Weaving Technique Seen to Revive Traditional Design
Dobby Weaving technique can replicate traditional designs in Cordilleran weaving, says an owner of a weaving business in Mt. Province.
During a recent seminar-workshop on dobby weaving by the Philippine Textile Research Institute (PTRI) in Sagada, Mt. Province, Ezra Aranduque, owner of Sagada Weaving, saw the potential of dobby weaving in replicating traditional designs like pinilian and birds eye.
These designs, he said, had vanished from hand-woven fabrics produced in the region. These were so intricate that weavers spent more than a month to produce 28 meters of these fabric, he added.
Through dobby weaving, creating and reproducing designs take lesser time. Production of fabric increases from the average of 3 meters to 4 meters a day to 5 meters a day.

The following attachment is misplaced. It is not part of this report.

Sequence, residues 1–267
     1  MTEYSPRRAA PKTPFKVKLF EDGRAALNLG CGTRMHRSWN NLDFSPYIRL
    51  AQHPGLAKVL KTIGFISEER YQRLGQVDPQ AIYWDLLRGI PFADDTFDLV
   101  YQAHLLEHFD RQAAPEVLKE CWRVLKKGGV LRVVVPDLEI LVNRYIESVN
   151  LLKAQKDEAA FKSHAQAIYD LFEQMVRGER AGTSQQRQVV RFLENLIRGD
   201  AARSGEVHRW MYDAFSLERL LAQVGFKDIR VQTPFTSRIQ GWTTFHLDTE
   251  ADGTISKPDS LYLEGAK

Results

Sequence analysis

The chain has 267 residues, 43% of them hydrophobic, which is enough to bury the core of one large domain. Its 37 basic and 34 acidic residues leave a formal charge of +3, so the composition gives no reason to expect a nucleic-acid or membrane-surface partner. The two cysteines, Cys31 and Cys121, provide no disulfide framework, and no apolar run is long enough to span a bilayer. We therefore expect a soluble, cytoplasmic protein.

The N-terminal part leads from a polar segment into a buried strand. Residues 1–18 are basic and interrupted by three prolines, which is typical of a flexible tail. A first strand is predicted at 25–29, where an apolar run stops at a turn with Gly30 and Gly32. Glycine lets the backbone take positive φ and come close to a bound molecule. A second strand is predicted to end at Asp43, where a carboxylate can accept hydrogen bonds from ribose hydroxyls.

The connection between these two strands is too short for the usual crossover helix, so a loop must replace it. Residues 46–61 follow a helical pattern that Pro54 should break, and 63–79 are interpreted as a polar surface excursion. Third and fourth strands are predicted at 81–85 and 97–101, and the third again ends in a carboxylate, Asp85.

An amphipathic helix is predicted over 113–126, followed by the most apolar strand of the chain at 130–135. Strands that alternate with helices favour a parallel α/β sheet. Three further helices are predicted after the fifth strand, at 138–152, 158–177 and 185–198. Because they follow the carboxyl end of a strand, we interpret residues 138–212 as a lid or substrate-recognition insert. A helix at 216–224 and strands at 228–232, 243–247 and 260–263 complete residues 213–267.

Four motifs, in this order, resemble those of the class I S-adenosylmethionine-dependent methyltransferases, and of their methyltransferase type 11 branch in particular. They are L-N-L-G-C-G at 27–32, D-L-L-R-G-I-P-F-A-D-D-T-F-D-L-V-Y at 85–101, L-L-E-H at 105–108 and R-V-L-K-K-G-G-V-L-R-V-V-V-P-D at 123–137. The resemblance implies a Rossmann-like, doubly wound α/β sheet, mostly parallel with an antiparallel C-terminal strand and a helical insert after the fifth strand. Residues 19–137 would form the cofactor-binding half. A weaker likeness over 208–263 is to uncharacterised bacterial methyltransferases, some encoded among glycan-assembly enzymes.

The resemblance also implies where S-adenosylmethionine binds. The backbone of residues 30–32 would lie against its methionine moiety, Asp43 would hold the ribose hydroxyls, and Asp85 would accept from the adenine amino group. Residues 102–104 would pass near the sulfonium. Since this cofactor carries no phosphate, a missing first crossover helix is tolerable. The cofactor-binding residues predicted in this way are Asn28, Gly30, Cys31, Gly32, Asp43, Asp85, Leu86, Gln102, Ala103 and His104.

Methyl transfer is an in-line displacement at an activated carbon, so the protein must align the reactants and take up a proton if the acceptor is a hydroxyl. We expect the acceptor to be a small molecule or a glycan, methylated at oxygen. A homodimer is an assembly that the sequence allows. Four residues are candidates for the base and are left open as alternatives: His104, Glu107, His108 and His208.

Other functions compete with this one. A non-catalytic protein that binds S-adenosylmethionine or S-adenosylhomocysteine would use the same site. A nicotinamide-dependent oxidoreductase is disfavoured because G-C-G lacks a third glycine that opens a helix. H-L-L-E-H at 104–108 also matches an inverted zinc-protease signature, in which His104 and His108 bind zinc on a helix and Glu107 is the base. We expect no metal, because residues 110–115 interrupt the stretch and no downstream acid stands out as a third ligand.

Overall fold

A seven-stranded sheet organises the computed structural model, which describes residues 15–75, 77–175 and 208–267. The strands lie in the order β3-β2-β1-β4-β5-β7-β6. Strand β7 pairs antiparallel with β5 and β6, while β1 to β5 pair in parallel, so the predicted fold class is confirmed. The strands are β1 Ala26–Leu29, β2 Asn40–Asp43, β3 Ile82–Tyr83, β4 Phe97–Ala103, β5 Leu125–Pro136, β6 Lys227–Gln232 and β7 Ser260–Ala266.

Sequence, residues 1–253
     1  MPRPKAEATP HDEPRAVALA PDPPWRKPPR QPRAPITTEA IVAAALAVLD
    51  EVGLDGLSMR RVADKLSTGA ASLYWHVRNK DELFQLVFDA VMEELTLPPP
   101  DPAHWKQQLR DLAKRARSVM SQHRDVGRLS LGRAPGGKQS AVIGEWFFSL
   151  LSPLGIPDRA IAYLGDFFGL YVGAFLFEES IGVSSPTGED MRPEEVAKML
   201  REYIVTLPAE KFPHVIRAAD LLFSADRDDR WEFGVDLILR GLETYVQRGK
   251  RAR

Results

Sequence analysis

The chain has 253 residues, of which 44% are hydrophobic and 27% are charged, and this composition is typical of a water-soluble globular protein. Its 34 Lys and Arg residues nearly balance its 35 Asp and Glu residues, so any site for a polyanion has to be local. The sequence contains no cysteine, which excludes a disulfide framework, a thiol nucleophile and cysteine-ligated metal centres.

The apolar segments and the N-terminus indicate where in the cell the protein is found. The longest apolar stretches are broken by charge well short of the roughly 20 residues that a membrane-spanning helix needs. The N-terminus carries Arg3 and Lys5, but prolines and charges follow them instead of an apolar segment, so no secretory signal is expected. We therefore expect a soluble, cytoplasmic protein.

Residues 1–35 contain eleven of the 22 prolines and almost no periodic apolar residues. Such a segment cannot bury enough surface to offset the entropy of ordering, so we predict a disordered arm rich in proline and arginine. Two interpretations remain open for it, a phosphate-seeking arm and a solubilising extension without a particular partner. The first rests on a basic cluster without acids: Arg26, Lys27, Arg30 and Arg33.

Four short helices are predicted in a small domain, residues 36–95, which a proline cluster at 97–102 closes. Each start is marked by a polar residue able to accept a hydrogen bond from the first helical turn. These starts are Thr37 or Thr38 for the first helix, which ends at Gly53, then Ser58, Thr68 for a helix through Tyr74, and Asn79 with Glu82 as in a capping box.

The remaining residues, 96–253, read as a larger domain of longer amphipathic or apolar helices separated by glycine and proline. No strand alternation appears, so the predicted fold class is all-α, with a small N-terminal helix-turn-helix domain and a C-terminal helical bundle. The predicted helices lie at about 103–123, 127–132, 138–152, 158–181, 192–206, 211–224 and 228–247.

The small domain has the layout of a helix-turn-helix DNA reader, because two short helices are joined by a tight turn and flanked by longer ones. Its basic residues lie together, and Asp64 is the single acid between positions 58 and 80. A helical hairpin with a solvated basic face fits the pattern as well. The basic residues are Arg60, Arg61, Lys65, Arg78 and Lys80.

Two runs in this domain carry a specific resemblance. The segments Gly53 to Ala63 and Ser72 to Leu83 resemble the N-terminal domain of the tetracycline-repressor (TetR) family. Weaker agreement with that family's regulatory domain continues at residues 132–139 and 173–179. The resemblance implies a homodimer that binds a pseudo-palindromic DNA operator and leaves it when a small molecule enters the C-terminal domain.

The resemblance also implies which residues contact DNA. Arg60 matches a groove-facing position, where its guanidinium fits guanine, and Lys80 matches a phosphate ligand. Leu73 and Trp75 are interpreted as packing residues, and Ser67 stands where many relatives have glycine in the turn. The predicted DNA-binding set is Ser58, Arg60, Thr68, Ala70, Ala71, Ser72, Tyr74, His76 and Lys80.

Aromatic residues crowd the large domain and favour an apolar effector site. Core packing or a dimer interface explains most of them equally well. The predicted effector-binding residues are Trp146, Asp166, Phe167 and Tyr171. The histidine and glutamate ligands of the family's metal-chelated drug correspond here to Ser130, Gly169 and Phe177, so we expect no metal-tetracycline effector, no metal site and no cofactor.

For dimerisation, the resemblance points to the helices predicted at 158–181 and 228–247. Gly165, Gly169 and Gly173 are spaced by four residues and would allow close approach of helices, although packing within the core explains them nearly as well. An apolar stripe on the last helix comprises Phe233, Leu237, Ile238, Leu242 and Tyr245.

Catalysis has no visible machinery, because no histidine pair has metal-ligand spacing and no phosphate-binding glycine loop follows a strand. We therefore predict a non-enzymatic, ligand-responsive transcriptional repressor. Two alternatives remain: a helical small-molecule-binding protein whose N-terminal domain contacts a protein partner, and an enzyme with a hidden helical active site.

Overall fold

A mechanical attachment on a loom, the dobby controls the harnesses, or frames holding the heddles in position, to allow the weaving of geometric designs. The dobby loom can weave geometric designs up to 24 warp patterns, says Jovita A. Hayin, supervising science research specialist at PTRI.
Aranduque is glad that his staff have learned about the dobby loom. He is hopeful to increase production by at least 30 percent by adopting this weaving technique. They are making bags, wallets, purses, place mats, table runners, and skirts and loincloth among traditional Cordilleran clothes. They sell these at select stores in Baguio City, Bontoc, Kalinga, and Apayao.
By Arlene Obmerga